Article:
How TUMO changes the way teenagers learn Software Development and Branding.
Tumo is leading the education revolution from the heart of the Caucasus. Martin and Zen travelled to Yerevan to hold 2 workshops on Branding and Ruby on Rails.
April 13, 2020
3 mins read
The TUMO Center for creative technology is a revolutionary education centre based in Armenia, France, Lebanon and Albania, with new locations soon opening across the globe. Its mission is to challenge the way teens can learn hot topics such as software coding, gaming, design and robotics. At TUMO, students have access to the latest technologies and are able to learn and explore a multitude of programs in autonomy: I wonder what possibilities it could have opened up for me if I had the opportunity to attend as a teenager!
Every year TUMO invites the best professionals around the world to share their skills during a series of highly engaging workshops. I’ve been lucky enough to be invited three times so far for my branding workshops, and last June I decided to involve my good friend and business partner Zen; after all, design and tech is what we do @Factory 39 and sharing is caring!
During my past workshops, we’ve explored how to brand and what makes or breaks a brand. We used this knowledge to brand human emotions (check the projects here) and understand how naming, colours, shapes and typography can play with our feelings.
Last time we focused on how brands and music genres can work together and Zen created a workshop on building web applications using Ruby and Ruby on Rails.
Branding Music genres.
How does rock feel? What typography sounds like Miles’s Davis trumpet? What colour is Electronic and which one is Heavy Metal? As every branding project, the creative journey starts with a problem and in this case a curious one: how can we use brand identity to communicate values specific to a music genre? We used the same approach we’ve been using on every project at Factory 39: Diagnose - Prescribe - Create.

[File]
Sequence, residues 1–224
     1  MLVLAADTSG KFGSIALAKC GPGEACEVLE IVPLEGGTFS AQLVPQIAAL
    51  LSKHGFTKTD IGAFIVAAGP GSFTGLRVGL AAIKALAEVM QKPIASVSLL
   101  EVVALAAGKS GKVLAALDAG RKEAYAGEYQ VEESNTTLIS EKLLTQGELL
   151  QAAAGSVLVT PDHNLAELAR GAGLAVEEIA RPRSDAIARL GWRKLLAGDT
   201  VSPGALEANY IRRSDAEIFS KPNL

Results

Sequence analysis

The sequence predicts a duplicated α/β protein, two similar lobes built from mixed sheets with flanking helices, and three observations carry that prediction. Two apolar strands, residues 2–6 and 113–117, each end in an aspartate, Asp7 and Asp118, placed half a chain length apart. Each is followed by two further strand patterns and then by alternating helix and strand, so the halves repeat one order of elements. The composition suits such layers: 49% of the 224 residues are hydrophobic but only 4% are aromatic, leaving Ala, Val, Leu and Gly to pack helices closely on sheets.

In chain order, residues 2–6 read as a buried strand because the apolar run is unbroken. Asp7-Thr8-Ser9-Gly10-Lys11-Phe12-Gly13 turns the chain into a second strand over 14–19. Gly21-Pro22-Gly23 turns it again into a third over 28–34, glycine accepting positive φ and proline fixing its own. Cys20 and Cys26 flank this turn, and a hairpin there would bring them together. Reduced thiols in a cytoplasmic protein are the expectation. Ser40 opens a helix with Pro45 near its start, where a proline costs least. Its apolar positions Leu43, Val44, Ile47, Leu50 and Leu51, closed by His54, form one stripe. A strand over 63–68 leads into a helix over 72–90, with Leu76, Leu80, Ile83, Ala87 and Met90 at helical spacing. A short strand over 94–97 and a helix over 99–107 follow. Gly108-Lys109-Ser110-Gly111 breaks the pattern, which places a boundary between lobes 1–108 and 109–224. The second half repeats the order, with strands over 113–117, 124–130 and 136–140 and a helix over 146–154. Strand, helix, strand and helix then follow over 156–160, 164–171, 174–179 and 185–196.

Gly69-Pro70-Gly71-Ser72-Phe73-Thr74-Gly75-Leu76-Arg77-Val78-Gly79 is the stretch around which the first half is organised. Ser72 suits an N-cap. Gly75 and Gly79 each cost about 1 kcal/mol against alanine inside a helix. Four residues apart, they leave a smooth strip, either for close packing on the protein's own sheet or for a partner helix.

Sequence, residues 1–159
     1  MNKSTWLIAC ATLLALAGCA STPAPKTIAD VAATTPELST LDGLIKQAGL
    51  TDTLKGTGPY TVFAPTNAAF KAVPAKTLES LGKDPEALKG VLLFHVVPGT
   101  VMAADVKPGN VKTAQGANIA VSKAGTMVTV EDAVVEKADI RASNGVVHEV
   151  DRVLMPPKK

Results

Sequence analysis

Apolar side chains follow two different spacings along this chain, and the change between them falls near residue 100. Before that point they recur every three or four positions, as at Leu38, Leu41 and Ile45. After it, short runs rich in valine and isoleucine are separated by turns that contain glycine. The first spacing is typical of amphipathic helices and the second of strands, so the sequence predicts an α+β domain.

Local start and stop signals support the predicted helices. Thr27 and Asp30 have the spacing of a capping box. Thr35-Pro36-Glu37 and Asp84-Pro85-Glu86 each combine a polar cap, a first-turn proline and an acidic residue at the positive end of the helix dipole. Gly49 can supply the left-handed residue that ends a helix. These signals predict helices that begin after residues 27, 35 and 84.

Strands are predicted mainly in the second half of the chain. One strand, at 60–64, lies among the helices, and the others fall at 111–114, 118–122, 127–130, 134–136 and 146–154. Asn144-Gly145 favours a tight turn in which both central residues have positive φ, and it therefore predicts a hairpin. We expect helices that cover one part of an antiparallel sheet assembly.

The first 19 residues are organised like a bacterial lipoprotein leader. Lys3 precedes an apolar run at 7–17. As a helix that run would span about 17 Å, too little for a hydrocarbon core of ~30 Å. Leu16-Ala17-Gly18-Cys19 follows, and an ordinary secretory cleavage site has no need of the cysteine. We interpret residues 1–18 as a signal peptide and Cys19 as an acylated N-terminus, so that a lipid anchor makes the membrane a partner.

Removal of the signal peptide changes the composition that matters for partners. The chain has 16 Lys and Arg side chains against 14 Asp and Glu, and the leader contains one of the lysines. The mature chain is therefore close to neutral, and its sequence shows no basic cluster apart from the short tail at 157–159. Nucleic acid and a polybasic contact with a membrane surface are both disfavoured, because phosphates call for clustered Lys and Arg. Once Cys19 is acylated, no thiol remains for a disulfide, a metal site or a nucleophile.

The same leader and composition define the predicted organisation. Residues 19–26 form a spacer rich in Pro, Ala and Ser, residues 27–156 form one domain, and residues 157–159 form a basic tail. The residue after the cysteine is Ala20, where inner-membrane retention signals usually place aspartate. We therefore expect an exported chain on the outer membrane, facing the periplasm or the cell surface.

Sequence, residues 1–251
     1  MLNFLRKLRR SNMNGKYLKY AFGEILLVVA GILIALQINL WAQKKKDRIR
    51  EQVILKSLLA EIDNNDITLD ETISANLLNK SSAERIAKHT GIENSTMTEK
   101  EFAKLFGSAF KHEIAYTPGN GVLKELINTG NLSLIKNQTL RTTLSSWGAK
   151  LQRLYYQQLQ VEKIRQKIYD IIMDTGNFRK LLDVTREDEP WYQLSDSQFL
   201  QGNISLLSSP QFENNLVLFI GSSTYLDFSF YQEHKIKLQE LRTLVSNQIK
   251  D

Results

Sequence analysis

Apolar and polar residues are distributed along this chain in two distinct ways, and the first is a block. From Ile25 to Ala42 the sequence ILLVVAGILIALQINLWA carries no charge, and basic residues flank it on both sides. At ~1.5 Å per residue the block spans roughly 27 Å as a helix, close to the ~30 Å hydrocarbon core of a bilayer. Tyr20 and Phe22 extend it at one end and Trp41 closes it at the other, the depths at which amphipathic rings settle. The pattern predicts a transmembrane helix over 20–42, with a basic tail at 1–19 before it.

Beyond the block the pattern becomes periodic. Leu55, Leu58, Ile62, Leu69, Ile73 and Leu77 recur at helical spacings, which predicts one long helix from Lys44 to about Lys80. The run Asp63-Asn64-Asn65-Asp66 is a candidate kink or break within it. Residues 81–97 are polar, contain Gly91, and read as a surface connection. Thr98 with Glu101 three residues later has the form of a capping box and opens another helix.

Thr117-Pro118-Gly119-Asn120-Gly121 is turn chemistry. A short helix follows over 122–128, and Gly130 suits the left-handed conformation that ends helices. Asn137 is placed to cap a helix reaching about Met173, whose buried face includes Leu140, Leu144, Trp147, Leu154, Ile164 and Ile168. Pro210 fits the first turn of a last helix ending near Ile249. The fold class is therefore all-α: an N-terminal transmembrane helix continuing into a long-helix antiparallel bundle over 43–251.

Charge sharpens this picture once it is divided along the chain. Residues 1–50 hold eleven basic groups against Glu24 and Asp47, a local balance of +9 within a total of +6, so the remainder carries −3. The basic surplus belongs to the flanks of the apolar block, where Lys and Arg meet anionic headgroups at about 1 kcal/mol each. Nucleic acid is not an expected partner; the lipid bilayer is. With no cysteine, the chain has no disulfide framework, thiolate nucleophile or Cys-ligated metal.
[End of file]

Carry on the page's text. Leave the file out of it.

After understanding what a brand is (and no, a brand is not a logo) each student picked a music genre and researched the main values and brand attributes to drive the visual identity. We created unique and relevant names following the “Don’t call it that” exercises and started to collect and stick materials on the wall for our mood boards (we are all big fans of printing+sticking, as it always generates ideas and sparks conversations!). We sketched, sketched again and then sketched some more until we were happy with our concepts and developed the full brand identity, including a selected Spotify playlist for each concept.
Living in a world filled with emerging web applications an important skill to master for any aspiring web developer is the use of a major web framework. Ruby and the Ruby on Rails framework have been a staple for building reliable web applications in the industry for the last decade and a great starting point for students. But every web application needs a purpose and ours was e-commerce!
Starting off the workshop with learning the basics of Ruby as a language and an overview of the basic concepts of object-oriented programming, students built a command-line driven e-commerce app. While great and efficient for developers to use day to day, we agreed that it wouldn’t have made a compelling product to ship to a customer. Therefore, we progressed into learning some of the core concepts of Rails and how the framework and the Ruby community in general, with its myriad of helpful libraries (Gems) can help us in putting the concepts of our command-line tool into a functional e-commerce web application that can accept orders and make money!
Participating in TUMO's learning labs last year was one of the most rewarding experiences we have had as a team here at a FACTORY 39. The work the program is doing is genuinely revolutionary and the type of education students are able to get from industry experts is unrivaled in terms of producing tomorrow's experts. We look forward to further collaboration with TUMO and who knows maybe one day introducing a similar program to a country like Cyprus.
Check out the code of the different applications students built here: